Inherent Vice: A Smokey Sleepwalk

inherant vice I wanted so badly to not only like Inherent Vice but also understand the film in a way no one else did. Instead, I stumbled out of the theater feeling sleepy and almost as if I inhaled the second hand smoke that’s in just about every scene. What we have on our hands is a protagonist much like The Big Lebowski’s the Dude, whose film is based off an American classic noir The Big Sleep. All three have many similarities, except the only overall success being The Big Lebowski for having the most likable and hysterical characters. I remember watching The Big Sleep in one of my intro film classes and the only things that kept my attention was the noir’s captivating shadows, costume design, and Lauren Bacall. The same can be said about Inherent Vice. Joaquin Phoenix plays a private investigator Doc and never falls a step out of character. Despite his lackadaisical attitude and grungy appearance, he’s a likable guy and despite the films lack of continuity we relay on Doc for our one entertaining constant.

One of the most frustrating parts about Inherent Vice are the women that surround Doc’s investigations to find his old lover, an ex-heroine addict, the Golden Fang (whatever that is) and all the other side jobs he’s taken on. The women—all minor characters—leave absolutely no room for imagination. Maybe they are meant to portray the type of femme fatales that always make a story more interesting, except they don’t hold the same classy, dangerous, or secretive traits like Barbara Stanwyck in Double Indemnity or again like Laura Bacall in The Big Sleep. Instead, their revealing outfits, gaudy makeup and constant references to sex make them desperate women whose purpose becomes simple and known very quickly. They are eye candy—much like the blondes in last year’s Wolf of Wall Street. Viewers don’t have to imagine what the women look like in Inherent Vice when they are behind closed doors with their lovers because their butt cheeks are already hanging out of their miniskirts or they strut across the room completely naked, giving the male gaze on and off screen exactly what they didn’t even ask for. That’s not to say there aren’t women or moments in the film where they act human and respectable. Take Sortilege (Joanna Newsom) for instance, who acts like a mother figure to Doc and whose point of view the story is told. Except, like the cowboy in The Big Lebowski I wonder why we should trust her when there are many others who know Doc more closely. Her voice-over pops in out during the film as does her homely appearance. It’s a relief, though, to see a woman with a different look and agenda. I can’t say all things are frustrating with Anderson’s new film.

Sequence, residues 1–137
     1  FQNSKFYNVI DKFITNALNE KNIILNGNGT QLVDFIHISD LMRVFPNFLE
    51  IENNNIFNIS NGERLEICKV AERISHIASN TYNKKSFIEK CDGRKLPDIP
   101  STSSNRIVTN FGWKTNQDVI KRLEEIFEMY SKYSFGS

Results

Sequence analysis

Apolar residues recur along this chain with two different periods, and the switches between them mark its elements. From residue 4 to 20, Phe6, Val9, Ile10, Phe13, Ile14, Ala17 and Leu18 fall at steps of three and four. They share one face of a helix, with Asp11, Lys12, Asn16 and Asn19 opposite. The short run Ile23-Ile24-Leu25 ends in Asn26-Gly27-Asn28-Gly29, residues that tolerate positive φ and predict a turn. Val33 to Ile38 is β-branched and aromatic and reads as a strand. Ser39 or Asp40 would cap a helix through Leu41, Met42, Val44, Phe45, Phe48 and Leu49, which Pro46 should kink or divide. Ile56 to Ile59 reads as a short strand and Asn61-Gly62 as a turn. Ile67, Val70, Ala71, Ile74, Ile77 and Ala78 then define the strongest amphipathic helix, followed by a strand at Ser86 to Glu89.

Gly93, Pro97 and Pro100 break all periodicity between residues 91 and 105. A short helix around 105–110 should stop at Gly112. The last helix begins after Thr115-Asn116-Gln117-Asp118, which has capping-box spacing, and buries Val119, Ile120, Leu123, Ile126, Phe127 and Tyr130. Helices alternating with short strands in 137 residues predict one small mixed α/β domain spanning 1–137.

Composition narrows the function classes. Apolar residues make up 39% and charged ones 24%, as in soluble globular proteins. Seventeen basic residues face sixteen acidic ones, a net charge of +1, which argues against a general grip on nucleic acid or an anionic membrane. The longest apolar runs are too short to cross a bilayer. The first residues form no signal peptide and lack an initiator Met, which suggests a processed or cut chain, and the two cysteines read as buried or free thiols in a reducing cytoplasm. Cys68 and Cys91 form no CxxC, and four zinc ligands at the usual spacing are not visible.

Like his rest, the cinematography is always a wonderful, unique treat. The long takes paired with great music are present in Inherent Vice too. One of my favorite scenes of all times is in Anderson’s Boogie Nights when Night Ranger blares through the speakers while Dirk Diggler and accomplices sit terrified on the couch during their much anticipated drug deal. I have the same strange but giddy feeling when Doc struts through the L.A streets with Neil Young singing in the background and wonder where he’s going next and who he’ll meet. Smoke is also one of the most interesting props used in Inherent Vice. It’s not the tobacco smoke we see in noirs after a couple lies in bed with the previous actions left unsaid. The marijuana smoke follows Doc wherever he goes and leads the lens into different parties, different rooms with fabulous 60’s attire, and once again superb music riding with the camera.

Don’t not see Inherent Vice because of what others are saying. See Inherent Vice because of what others notice and use your own eyes, own connections to see all that’s packed into this puzzling work. I’m a little biased, I admit, because Anderson’s work in my eyes is typically flawless. But there’s always different ways to get people talking—and talking we do. Perhaps that was the motive behind the making of the film. Even if our remarks aren’t always positive or helpful, at least we haven’t stopped thinking about Inherent Vice and ultimately wondering what the heck is going on.

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